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Charter operators opening Baton Rouge schools in 2018 make ‘Washington Post’ ranking of most challenging high schools

Eight of the 10 schools on The Washington Post’s 2017 list of most challenging high schools in the U.S. are charter schools operated by BASIS or IDEA, both of which will be opening schools in Baton Rouge in the fall of 2018.

BASIS—which had three schools on the list, including the No. 1 ranked BASIS Phoenix—plans to open a K-6 elementary school on the Woman’s Hospital campus in 2018, adding one grade each year until it accommodates K-12 students. The Arizona-based charter network also plans to eventually open a second school in north Baton Rouge.

IDEA—which had five schools on the list, mostly in low-income, south Texas communities—will open two Baton Rouge schools in 2018, one in the north part of the city and one in the southern part. Both will start by taking on K-2 grades, and also plan to add a grade each year until they are K-12 schools.

Having two nationally recognized charter organizations operating schools in the local market will be an asset for parents, students and the community as a whole, say local education and civic leaders.

“For families and students, this will create access to some of the country’s and world’s most successful schools—all tuition free,” says Chris Meyer, president of New Schools of Baton Rouge, which was created by the Baton Rouge Area Foundation in 2012 to bring top-quality charter organizations to underserved areas. “For educators, it will provide new opportunities to join teams that may better fit their personal mission. For the community, it will give us a chance to rethink the way education is offered in our city and how other organizations and institutions can partner with schools to ensure students have the support they need to thrive.”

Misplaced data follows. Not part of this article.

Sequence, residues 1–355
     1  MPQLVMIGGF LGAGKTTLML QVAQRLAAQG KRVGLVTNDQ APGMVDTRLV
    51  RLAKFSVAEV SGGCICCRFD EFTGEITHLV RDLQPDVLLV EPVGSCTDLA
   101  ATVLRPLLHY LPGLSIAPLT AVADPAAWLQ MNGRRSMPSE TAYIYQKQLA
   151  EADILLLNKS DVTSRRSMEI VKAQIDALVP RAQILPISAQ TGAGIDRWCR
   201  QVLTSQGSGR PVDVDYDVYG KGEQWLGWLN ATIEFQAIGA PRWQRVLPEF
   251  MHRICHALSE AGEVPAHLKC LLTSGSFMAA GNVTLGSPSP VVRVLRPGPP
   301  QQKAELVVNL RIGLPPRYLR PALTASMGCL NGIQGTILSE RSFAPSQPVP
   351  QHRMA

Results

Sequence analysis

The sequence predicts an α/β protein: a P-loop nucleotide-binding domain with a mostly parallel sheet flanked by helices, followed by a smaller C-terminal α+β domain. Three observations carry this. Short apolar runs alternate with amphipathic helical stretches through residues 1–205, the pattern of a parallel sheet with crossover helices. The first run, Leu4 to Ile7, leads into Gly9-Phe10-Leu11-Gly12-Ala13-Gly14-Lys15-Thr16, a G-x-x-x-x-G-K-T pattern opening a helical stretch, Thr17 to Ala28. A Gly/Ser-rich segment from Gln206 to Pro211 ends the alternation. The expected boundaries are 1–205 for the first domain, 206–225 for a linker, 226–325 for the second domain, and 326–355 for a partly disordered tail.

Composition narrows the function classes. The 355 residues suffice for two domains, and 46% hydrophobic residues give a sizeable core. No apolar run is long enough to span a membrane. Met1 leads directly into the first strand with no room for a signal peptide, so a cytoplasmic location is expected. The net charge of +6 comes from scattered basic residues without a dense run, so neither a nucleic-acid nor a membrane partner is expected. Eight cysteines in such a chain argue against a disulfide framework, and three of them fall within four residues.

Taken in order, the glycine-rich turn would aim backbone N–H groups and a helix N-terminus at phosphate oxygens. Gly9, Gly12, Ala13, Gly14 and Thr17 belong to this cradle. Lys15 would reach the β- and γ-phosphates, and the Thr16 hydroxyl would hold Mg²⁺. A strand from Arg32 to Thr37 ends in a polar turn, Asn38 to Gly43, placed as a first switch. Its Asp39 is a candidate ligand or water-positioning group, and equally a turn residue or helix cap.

It will also be a boost for economic development efforts. Potential employers want quality schools for their employees and their families, says Baton Rouge Area Chamber President and CEO Adam Knapp.

“This is significant for a couple of reasons,” he says. “First, these operators have chosen Baton Rouge for multiple schools, not just one each, but for a multi-school set of choices for families each. Second, the East Baton Rouge Parish School Board and leadership team chose to approve and authorize these charter schools to open here … which speaks volumes to a change in attitude by the board and system toward new, high quality options.”

While both operators have proven track records of success, there’s no guarantee local BASIS and IDEA schools will perform as well as others around the country. But Meyer is confident they will.

“That is exactly our expectation,” he says. “The Baton Rouge schools for BASIS, IDEA and other organizations we have supported should be on that and every other notable ranking. We ultimately want every kid in Baton Rouge to have access to a high-performing school.”

—Stephanie Riegel

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